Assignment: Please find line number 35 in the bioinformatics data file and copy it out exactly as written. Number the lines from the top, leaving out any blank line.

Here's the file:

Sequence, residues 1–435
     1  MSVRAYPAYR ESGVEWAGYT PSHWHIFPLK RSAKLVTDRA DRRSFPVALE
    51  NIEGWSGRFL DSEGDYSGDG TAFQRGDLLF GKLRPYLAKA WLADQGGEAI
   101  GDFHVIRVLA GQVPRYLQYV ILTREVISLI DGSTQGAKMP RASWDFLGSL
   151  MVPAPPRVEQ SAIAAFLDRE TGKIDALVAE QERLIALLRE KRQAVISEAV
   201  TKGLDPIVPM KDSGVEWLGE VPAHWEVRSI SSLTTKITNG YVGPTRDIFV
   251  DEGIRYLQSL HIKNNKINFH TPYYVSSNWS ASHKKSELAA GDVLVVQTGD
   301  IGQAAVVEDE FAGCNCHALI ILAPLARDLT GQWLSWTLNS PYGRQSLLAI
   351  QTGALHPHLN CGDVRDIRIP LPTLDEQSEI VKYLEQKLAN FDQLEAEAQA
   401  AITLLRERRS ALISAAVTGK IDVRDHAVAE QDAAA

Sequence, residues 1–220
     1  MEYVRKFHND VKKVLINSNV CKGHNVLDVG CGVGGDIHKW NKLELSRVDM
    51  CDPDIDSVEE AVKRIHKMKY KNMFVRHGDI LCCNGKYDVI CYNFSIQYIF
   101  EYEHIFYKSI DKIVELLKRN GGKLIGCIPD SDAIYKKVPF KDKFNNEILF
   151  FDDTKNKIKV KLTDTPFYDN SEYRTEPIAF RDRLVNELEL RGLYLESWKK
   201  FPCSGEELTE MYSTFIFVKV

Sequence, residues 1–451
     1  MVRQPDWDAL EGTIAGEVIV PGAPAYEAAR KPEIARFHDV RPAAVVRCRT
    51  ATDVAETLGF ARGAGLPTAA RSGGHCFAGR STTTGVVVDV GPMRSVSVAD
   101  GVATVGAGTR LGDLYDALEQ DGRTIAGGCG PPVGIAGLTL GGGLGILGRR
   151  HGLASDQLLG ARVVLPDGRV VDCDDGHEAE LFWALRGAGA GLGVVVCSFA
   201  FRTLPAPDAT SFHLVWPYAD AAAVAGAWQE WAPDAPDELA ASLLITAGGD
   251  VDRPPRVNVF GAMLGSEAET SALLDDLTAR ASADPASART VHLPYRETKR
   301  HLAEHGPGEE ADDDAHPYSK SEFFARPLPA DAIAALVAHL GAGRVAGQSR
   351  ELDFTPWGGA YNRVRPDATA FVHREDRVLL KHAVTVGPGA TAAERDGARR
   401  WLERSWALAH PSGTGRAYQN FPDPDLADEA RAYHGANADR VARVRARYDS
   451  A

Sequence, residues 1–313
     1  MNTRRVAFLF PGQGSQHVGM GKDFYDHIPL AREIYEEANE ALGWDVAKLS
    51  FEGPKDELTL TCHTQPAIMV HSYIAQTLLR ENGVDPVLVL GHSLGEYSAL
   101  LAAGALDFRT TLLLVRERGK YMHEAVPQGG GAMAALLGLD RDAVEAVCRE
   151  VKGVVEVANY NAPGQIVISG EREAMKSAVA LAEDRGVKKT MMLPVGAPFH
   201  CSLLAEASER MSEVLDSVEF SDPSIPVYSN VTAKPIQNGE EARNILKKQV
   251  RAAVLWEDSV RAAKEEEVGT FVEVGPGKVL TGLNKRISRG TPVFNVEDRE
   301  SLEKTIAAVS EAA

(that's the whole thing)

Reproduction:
   301  SLEKTIAAVS EAA